David Bourget (Western Ontario)
David Chalmers (ANU, NYU)
Rafael De Clercq
Jack Alan Reynolds
Learn more about PhilPapers
We consider Friedrich Hayek’s Road to Serfdom in light of global ideological and economic developments during the sixty years since its publication. Specific problems considered include socialism and planning, whether national socialism was really socialism, whether Hayek’s views could be labeled as social democratic and whether his critique of social democracy was too strong, and his discussion of the prospects for international economic order. While often right and enormously influential, Hayek himself agreed that some of his predictions did not become true.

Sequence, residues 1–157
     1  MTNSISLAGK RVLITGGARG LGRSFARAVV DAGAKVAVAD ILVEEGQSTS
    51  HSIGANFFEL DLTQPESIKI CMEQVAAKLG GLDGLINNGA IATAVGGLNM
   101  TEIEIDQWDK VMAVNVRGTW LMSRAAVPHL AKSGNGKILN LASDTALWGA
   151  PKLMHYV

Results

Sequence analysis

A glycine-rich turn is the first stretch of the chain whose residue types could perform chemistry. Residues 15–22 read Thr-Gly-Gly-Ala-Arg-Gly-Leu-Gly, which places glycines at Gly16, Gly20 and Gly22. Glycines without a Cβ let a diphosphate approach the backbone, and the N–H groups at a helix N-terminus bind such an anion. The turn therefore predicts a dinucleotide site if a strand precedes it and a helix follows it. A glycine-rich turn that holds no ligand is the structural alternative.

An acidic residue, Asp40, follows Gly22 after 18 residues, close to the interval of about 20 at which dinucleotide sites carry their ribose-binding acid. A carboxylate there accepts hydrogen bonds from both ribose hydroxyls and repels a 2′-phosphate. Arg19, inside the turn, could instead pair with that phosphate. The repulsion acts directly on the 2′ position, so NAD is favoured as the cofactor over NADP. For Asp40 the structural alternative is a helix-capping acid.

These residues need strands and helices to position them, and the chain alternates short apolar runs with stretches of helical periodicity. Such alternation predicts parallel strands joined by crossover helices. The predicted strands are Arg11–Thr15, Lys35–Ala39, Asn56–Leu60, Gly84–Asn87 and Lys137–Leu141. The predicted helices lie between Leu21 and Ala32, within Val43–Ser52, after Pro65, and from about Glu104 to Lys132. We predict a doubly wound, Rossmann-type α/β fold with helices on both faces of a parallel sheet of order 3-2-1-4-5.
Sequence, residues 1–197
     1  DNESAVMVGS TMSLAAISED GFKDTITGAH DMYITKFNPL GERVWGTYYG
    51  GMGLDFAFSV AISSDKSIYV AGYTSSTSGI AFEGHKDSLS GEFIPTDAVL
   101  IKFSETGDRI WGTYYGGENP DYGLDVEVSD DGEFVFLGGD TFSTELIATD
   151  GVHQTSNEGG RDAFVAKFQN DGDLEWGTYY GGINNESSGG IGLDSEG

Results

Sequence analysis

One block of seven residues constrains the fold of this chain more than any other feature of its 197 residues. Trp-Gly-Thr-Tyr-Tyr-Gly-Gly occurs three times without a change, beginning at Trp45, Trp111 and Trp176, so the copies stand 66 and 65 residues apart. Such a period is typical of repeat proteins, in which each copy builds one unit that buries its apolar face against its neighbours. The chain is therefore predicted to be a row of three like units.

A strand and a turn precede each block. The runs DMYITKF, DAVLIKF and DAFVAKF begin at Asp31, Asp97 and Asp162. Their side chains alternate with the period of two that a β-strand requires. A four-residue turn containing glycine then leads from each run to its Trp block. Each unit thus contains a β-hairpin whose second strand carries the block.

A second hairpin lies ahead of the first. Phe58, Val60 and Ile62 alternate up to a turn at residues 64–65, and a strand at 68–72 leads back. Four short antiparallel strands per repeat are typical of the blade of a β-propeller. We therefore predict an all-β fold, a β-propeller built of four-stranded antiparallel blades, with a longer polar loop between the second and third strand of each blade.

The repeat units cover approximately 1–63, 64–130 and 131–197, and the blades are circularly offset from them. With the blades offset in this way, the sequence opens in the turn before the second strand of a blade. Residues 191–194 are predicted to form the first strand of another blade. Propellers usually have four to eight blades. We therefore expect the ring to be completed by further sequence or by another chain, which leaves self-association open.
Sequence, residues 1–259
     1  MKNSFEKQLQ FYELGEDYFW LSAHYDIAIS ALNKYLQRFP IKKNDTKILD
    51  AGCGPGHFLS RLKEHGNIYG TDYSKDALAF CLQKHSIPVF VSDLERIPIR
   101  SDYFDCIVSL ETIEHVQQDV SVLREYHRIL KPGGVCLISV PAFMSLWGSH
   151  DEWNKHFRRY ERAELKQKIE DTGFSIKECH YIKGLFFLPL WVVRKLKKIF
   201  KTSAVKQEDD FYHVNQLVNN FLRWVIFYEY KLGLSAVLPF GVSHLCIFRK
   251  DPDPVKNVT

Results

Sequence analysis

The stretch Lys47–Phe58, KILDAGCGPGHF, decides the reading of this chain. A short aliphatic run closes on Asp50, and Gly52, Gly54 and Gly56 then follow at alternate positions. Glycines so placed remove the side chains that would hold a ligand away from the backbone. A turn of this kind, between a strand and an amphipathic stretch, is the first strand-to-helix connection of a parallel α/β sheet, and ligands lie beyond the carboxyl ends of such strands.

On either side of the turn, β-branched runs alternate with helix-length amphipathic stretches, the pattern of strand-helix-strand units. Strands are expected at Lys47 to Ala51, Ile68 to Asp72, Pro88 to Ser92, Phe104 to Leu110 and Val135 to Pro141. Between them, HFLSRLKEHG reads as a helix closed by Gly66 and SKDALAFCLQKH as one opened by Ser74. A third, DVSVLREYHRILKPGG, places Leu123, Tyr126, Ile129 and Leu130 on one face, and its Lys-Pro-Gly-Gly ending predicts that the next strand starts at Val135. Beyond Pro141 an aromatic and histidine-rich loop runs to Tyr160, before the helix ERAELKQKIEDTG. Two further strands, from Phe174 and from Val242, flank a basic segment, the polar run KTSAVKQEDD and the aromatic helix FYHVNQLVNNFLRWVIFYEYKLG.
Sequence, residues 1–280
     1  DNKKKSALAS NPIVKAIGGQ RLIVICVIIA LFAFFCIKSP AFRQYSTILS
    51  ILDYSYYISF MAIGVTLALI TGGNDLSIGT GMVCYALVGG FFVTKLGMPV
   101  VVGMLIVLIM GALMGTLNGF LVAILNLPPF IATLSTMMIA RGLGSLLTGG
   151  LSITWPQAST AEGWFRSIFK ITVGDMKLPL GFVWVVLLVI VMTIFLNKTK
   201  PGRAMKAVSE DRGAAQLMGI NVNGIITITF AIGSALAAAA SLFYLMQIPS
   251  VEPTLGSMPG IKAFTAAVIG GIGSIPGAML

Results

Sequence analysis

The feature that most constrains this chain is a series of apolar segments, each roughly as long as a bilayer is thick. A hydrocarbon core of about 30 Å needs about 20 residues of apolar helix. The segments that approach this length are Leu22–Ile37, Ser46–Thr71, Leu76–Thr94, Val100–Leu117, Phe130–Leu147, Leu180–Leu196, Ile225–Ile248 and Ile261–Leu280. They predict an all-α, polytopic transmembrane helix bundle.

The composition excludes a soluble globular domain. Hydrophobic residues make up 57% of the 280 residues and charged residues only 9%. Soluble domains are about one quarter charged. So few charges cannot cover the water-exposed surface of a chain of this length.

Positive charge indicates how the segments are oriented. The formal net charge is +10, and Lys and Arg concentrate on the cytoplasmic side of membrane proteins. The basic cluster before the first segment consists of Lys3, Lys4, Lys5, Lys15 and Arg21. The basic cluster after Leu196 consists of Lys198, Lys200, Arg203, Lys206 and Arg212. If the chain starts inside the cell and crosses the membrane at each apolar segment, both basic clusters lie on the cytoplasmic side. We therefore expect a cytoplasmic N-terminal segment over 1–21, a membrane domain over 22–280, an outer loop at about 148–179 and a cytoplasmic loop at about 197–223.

|Keywords||No keywords specified (fix it)|
|Categories||categorize this paper)|
Setup an account with your affiliations in order to access resources via your University's proxy server
Configure custom proxy (use this if your affiliation does not provide a proxy)
|Through your library||
References found in this work BETA
No references found.
Citations of this work BETA
No citations found.
Similar books and articles
Nigel Pleasants (1997). The Epistemological Argument Against Socialism: A Wittgensteinian Critique of Hayek and Giddens. Inquiry 40 (1):23 – 45.
Andrew Gamble (1996). Hayek: The Iron Cage of Liberty. Westview Press.
Roger W. Garrison (1994). High Interest, Low Demand, and Keynes: Rejoinder to Hill and Felix. Critical Review 8 (3):451-460.
T. V. Smith (1945). Book Review:The Road to Serfdom. Friedrich A. Hayek. [REVIEW] Ethics 55 (3):224-.
Added to index2009-01-28
Total downloads16 ( #107,183 of 1,100,143 )
Recent downloads (6 months)3 ( #127,217 of 1,100,143 )
How can I increase my downloads?